This post will end with a poll so that you can assume the place of a hiring manager or administrator in a fictional library setting and choose between the following two candidates (Please note: neither candidate is modeled on anyone in particular, including myself!). Like any library setting, funds are tight and every personnel choice you make matters to the highest degree. You are short-staffed and must hire the person best suited to fill your needs and represent your organization. Force yourself to consider only the criteria offered. These candidates have already passed the initial resume review and are in the interview process. Here we go-
Candidate Number 1
Number 1 has an impeccable resume. The cover letter was precise, concise, and to the point without a lot of extraneous information, much like the candidate appears to be in person. This candidate is sharp and technically on top of their game. They know the ins and outs of the job requirements and every indication is that they have the skills and abilities needed to move almost seamlessly into the position and get up to speed fast. This candidate has ten years of experience working in various library venues. This candidate also has supervisory experience, which is a desired but not required qualification for the job.
Number 1 is a bit reserved and guarded. Their answers are sometimes short and restrained and not particularly well articulated or thought out. But the gist of most of their answers contains the information you want to hear. Their answers also indicate that they prefer to work independently, are task-oriented, and have a rather narrow focus. You detect just a hint of cynicism, maybe, or negativity of some sort, but it may just be nerves or an attempt at humor.
You are lucky enough to contact a reference that will give you more than a confirmation of past employment. This reference raves about the technical skills and knowledge this person possesses going so far as to say that they rarely make a mistake or come up short, easily fulfilling all of the job requirements. The reference also admits that Number 1 has some control issues, is not very tolerant of perceived incompetency, and rarely offers an opinion unless asked. While Number 1 is thoroughly knowledgeable in the job-related duties and tasks, they are not one to necessarily seek additional information or express curiosity about the big picture of the organization or the profession. They are content to do their job and do it well.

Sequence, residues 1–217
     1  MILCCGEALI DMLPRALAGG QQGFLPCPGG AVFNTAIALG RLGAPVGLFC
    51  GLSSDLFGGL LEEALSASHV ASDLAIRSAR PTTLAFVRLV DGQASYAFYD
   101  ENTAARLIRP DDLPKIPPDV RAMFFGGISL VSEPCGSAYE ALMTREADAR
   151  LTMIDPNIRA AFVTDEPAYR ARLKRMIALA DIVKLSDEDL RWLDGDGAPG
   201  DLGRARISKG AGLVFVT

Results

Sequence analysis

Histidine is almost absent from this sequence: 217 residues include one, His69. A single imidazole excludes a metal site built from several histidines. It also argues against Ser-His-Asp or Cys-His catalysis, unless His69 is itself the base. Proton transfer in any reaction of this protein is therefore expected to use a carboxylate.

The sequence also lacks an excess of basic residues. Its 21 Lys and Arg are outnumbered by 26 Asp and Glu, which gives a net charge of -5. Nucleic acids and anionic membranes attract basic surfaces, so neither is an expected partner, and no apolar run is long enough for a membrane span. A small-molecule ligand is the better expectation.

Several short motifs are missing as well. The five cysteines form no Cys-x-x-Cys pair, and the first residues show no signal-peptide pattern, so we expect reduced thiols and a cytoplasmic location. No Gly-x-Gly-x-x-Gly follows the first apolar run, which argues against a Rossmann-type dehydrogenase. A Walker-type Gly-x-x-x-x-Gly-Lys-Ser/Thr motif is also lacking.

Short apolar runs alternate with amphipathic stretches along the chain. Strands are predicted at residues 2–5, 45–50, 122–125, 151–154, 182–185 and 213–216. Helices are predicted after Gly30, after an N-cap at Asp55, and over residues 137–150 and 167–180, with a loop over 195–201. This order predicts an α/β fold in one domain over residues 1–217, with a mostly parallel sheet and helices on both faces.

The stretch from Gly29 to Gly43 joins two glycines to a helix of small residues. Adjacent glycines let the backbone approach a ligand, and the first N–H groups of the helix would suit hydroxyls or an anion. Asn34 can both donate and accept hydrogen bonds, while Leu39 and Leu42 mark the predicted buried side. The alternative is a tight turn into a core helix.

Candidate Number 2
Number 2 has a good resume, but the cover letter was exceptional. It described what the candidate could offer not only to the job, but to the organization and the profession as a whole. This candidate is a bit less knowledgeable about the job itself, and it appears that they may need some time to learn the desired skills and abilities in order to get up to speed. This candidate has 5 years of experience working in one library and no supervisory experience.
Number 2 is open, warm, thoughtful, and articulate. Every answer reinforces the impression that this candidate is engaged on many levels. They are definitely a big picture kind of person who enjoys learning as much as possible about every area of the organization for which they work. While they work well independently, they also enjoy collaboration. They are so well-informed and knowledgeable about the issues libraries face that you begin to wonder how much time and attention they give to their actual job.
Once again, you are lucky enough to contact a willing reference. The reference raves about this candidate because everyone likes them on a personal level–customers, coworkers, other stakeholders. The reference admits that it took some time for this candidate to get acclimated to the job and up to speed. The reference also acknowledges that their engagement on so many levels sometimes interferes with the day-to-day work. Number 2 is not content to do just their job and do it well. Number 2 always wants to know more about issues not always directly related to the duties specific to the job. Number 2 constantly seeks opportunities for growth sometimes–but not often–neglecting their own job in the process.
If I get enough responses to make the results worthwhile, I will publish them. I have learned that simply asking a question is not always enough to generate a significant number of responses.
If you do participate–Thank you!